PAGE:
Foreign Affairs Minister Lawrence Cannon says the international community "cannot do everything in Haiti" and urged the country's leadership rivals to respect the democratic process "with respect and calm."

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U.S. Secretary of State Hillary Clinton and Foreign Affairs Minister Lawrence Cannon expressed concern on Monday in the wake of violence over Haiti's disputed presidential election. ((Adrian Wyld/Canadian Press))

Cannon, speaking to reporters on Monday in Wakefield, Que., would not directly answer whether international aid to Haiti should be suspended in the wake of an outbreak of violence over the impoverished Caribbean country's disputed presidential election.

But Cannon and his U.S. counterpart, Secretary of State Hillary Clinton, offered blunt warnings that the country risked further economic damage if its leaders did not work toward political stability.

"We are willing to consider what's going on," Cannon said during a joint news conference with Clinton and Mexican Foreign Secretary Patricia Espinosa at the end of the one-day North American foreign ministers meeting.

"But at the same time, it's important for the people of Haiti to assume their responsibility because, I repeat this, there will not be any economic progress if there is no government stability, and what is essential is to get the stability of the government."

Clinton, in turn, said the Haitian government should heed the "strong signal" from her former colleague in the Senate, Patrick Leahy, who suggested cutting off foreign aid to the central government until the impasse over last month's presidential elections is resolved.

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A man carries water and sodas to sell last Friday after four days of protest in downtown Port-au-Prince. Haiti's electoral authorities said Thursday they would urgently recheck vote tally sheets from the country's troubled presidential elections. ((Kena Betancur/Reuters))

"It's essential that Haitian political actors fulfil their responsibilities and demonstrate a firm commitment to democratic principles, including the respect for the integrity for the electoral process," she said.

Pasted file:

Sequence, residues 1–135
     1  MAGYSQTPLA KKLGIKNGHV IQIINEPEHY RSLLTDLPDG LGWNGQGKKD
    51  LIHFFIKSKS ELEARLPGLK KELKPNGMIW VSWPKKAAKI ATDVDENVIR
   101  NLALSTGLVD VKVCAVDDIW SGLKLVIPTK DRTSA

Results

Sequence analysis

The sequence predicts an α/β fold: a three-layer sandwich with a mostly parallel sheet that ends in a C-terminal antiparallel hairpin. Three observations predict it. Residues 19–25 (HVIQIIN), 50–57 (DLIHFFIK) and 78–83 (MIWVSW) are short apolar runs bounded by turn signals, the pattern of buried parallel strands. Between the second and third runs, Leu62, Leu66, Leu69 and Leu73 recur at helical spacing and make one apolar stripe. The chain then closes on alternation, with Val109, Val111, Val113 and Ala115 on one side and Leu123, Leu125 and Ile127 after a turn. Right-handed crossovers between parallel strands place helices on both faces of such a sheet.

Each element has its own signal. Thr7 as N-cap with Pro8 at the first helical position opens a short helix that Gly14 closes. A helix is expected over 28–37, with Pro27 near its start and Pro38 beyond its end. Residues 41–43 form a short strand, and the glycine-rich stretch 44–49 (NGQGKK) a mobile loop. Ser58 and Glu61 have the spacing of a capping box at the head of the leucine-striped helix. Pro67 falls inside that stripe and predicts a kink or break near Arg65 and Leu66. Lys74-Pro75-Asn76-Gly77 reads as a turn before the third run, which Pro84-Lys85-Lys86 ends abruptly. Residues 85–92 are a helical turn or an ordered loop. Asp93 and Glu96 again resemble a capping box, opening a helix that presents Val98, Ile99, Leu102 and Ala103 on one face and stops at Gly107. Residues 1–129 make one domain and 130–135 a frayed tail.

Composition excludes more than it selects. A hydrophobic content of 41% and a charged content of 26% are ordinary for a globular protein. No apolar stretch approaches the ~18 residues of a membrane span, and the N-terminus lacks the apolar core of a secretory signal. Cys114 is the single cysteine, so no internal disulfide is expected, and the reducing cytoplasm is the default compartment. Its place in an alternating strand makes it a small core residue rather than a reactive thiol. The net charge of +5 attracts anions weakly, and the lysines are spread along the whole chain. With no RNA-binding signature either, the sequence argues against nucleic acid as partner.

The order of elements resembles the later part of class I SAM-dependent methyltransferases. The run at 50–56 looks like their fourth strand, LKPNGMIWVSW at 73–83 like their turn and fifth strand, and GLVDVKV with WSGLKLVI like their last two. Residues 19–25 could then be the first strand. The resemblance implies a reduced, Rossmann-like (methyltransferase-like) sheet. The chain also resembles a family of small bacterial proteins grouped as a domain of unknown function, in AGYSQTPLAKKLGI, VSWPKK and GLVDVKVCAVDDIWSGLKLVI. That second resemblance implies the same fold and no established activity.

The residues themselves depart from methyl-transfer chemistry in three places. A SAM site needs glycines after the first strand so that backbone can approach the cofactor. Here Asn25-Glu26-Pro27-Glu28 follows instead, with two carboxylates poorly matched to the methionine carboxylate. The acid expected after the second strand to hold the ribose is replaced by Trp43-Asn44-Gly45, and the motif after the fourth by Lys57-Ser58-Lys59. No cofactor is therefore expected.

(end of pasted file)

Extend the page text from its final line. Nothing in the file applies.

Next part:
Leahy, whom Clinton called a strong supporter of American foreign aid and humanitarian relief, was "expressing a growing frustration" in the U.S. over the lack of coherent response from the Haitian government as the one-year anniversary of the devastating earthquake approaches.

'Major crisis' in Haiti: Coderre 

In Ottawa, House of Commons Speaker Peter Milliken granted Liberal MP Denis Coderre's request for an emergency debate, held early Monday evening, on the "extremely tense" situation in Haiti.

The MP, who said Haiti has "practically ceased to function," reiterated the need for the federal government to create a special envoy to Haiti to work with all ministries and help get rid of red tape.

"A wave of violence is now raging all over the country and we must, as responsible parliamentarians, look at Canada's role in the outcome of this major crisis," Coderre said.

Coderre also suggested Canada send troops, such as the Disaster Assistance Response Team or DART, to provide additional security in Haiti. 

During the debate, Cannon acknowledged that "things aren't moving at the pace we're used to," but he said Canada is working with the international community through the Organization of American States and CARICOM, and that they're "calling on the Haitian government to do whatever they need to do to see this electoral process through, and proposing options at this stage won't help us find the solution."

The Nov. 28 presidential vote produced no clear winner and was marred by allegations of ballot box stuffing, voter intimidation and gun violence between supporters of rival parties in the capital, Port-au-Prince.

Rival protesters again rioted in the streets after the country's electoral council announced the presidential ballots would be recounted in the presence of Haitian and international observers.

Canada will be part of a joint electoral observation team put together by the OAS and CARICOM for the scheduled recount, Cannon said.